IKEA, the world’s biggest furniture retailer, plans to spend 1 billion euros ($1.13 billion) on renewable energy and steps to help poor nations cope with climate change, the latest example of firms upstaging governments in efforts to slow warming.
Chief Executive Peter Agnefjall said the measures would “absolutely not” push up prices at the Swedish group’s stores. The investments will be “good for customers, good for the climate and good for IKEA too,” he told Reuters.
He said the plan was motivated by a desire to tackle climate change, rather than to court favourable publicity. “Getting that message out to the customers is secondary,” he said.
An internal review last year showed only 41 percent of its customers see IKEA as a company that “takes social and environmental responsibility”, below its goal of 70 percent by 2015.
IKEA, which had sales of 30 billion euros last year, wants to generate all the energy used in its shops and factories from clean sources by 2020.
To that end, it will invest 600 million euros on wind and solar power installations, adding to 1.5 billion invested since 2009. It has already signed up to own and operate 314 wind turbines and has 700,000 solar panels on its roofs.
The IKEA Foundation, the charitable arm of the family-owned group, would invest 400 million euros by 2020 in supporting families and communities in nations vulnerable to impacts of climate change such as floods, droughts and desertification.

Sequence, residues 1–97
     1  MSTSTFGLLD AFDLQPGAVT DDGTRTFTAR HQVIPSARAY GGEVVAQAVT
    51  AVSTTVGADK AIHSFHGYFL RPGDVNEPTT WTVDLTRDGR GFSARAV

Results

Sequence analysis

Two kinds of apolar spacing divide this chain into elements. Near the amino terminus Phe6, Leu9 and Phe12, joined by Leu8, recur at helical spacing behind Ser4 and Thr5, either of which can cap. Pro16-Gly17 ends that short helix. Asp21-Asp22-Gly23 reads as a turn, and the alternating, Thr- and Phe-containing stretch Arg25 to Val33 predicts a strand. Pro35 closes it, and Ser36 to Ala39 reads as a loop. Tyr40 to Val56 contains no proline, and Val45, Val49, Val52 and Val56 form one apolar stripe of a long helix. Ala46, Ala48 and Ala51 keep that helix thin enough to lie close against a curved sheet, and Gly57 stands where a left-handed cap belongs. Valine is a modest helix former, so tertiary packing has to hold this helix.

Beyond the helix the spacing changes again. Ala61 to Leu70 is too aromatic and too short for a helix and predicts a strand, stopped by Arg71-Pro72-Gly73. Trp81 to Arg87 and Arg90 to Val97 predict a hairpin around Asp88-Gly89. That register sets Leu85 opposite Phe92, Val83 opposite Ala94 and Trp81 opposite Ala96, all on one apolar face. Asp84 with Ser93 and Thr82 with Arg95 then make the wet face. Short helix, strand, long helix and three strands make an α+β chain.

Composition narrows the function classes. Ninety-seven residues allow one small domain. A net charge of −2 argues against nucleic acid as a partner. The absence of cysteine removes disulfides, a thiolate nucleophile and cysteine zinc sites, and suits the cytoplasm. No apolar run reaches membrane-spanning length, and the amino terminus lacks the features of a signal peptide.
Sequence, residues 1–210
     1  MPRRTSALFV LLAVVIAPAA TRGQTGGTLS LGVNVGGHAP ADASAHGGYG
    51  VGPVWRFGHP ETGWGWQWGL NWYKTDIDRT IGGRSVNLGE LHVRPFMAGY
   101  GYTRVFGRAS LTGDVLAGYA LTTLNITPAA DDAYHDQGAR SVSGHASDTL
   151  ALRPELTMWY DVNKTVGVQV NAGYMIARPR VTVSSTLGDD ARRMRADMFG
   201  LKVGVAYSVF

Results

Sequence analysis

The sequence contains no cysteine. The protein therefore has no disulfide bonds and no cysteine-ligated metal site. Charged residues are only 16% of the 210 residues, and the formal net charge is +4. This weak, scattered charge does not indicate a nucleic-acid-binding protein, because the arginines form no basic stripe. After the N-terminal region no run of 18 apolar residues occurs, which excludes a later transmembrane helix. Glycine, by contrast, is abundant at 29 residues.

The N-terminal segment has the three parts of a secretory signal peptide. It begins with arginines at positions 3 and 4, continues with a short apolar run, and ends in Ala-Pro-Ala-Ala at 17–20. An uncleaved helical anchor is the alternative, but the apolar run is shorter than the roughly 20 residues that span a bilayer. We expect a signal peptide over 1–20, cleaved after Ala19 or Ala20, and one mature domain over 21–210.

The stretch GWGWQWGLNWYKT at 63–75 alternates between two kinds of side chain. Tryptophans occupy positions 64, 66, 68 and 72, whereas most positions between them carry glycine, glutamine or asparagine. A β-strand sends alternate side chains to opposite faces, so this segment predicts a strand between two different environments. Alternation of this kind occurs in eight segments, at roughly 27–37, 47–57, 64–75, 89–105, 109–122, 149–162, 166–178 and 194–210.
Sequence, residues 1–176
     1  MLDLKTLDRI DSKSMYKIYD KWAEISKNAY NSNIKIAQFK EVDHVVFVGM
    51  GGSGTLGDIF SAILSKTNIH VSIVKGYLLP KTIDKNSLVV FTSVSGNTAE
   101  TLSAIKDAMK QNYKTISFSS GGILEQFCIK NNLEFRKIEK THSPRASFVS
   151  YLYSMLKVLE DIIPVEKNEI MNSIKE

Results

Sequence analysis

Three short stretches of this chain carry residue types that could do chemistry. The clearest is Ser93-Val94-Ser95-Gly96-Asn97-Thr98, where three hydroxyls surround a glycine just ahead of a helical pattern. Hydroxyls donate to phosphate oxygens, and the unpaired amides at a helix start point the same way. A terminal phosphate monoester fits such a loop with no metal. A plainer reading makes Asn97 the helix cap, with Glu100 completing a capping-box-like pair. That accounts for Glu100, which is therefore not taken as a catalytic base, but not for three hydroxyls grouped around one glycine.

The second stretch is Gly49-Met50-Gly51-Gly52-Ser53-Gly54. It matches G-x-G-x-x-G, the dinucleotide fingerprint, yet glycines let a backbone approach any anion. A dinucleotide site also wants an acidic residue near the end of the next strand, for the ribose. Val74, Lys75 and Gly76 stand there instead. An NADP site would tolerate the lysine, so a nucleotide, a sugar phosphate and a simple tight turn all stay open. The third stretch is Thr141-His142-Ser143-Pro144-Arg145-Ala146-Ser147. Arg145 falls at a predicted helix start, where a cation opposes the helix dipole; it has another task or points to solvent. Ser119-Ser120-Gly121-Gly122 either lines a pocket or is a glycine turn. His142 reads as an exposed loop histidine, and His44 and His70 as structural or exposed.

COMPANIES TAKE STANCE
Senior officials from almost 200 nations are meeting in the German city of Bonn this week to prepare for a summit in Paris in late 2015 at which governments aim to agree a deal to slow global warming.
The Alliance of Small Island States, which fears the impact of rising sea levels, welcomed IKEA’s planned investments.
“I am heartened to see corporate leadership in this area,” said Amjad Abdulla of the Maldives, chief negotiator for the alliance in Bonn.
There are signs that companies are taking a more active approach, keen to show their awareness of consumer concerns.
Last month, top European companies urged governments to commit to slashing greenhouse gas emissions.
This week, six European oil and gas companies — BG Group, BP, Eni, Royal Dutch Shell, Statoil and Total — added their voice to calls for a pricing system for carbon emissions. The firms have often been accused of inaction.
Mindful of environmental concerns, IKEA says it plans to get more of its wood and cotton from sustainable sources.
It says it will ensure it grows as many trees as it fells by 2020. The top national suppliers of pine and other wood used in its familiar self-assembly furniture were Poland, Lithuania, Sweden, Germany and Russia last year.